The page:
How Target's Credit Card Security Breach Could Have Been Avoided
NEWS ANALYSIS: A simple security measure used widely, except in the U.S., would have prevented the theft of 40 million customer mag stripes from Target.When thieves broke into the point-of-sale (POS) system at Target, they stole the data from the magnetic stripe on the back of credit and debit cards. Target, like virtually all other stores in the United States, depends on that information on the magnetic stripe to read all the relevant credit card information to make a sale. But it doesn't need to be that way. In fact, Target could have used an alternate version of its card readers that would have protected credit card customers that had an embedded chip in the card. I first found out about how those chips, called EMV chips, actually work when I needed one, but didn't have one. I was in line on my first day at CeBIT in Hannover, Germany, to buy my lunch in the press building cafeteria. I handed my credit card to the cashier, and everything stopped. The people in front of me had been passing through with hardly a pause, but the cashier looked at my card and then asked if I had another one. It turned out that the POS terminals in the cafeteria used EMV chips, rather than the mag stripe on the back of the card. Eventually, they found a cash register with a mag stripe reader, and I was able to pay for my Weiner Schnitzel. But as soon as I got back to the United States, I called my card issuer and was sent a new card with the EMV chip.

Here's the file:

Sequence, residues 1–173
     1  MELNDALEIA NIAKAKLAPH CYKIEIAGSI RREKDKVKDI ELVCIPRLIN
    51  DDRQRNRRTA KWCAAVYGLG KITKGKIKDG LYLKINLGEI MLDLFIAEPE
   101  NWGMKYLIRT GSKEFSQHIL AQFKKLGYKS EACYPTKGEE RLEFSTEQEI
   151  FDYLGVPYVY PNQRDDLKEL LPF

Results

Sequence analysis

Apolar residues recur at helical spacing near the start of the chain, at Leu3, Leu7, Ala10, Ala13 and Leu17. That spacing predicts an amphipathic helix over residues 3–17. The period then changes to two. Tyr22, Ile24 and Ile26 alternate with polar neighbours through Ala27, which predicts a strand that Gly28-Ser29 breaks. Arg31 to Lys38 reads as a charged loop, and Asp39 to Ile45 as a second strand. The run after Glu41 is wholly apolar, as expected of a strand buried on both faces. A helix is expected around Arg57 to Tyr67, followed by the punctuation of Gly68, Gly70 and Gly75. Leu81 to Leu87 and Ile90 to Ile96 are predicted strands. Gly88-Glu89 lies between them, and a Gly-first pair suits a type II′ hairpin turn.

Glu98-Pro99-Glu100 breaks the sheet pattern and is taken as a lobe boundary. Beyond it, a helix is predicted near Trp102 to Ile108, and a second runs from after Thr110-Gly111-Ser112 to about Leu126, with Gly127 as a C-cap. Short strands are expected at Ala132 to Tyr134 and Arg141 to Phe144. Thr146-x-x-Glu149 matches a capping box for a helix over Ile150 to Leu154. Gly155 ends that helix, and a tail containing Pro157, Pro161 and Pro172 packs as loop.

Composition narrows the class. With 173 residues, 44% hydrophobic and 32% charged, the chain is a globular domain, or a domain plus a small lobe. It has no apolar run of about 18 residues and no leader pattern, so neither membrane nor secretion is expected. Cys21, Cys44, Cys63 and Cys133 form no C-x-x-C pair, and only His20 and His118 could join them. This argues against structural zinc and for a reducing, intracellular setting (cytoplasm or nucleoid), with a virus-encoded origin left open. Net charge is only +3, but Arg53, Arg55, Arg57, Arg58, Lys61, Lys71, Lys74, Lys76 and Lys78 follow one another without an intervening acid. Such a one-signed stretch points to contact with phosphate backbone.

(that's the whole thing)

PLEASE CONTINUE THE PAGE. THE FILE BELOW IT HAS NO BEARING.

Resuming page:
The EMV chip that's embedded in my credit card is actually a microprocessor that holds an encrypted version of the information that's on the mag stripe. It establishes communication with the POS terminal and passes the credit card information to it, keeping the data encrypted. If thieves managed to steal the data, which is unlikely, it would still be encrypted and difficult, if not impossible, to use.